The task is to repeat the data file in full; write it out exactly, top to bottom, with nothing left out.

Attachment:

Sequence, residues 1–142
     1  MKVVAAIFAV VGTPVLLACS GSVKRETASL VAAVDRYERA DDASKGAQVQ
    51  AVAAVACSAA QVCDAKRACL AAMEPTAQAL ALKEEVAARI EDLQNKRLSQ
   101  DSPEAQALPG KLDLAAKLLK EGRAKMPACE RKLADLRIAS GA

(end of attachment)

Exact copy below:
Sequence, residues 1–142
     1  MKVVAAIFAV VGTPVLLACS GSVKRETASL VAAVDRYERA DDASKGAQVQ
    51  AVAAVACSAA QVCDAKRACL AAMEPTAQAL ALKEEVAARI EDLQNKRLSQ
   101  DSPEAQALPG KLDLAAKLLK EGRAKMPACE RKLADLRIAS GA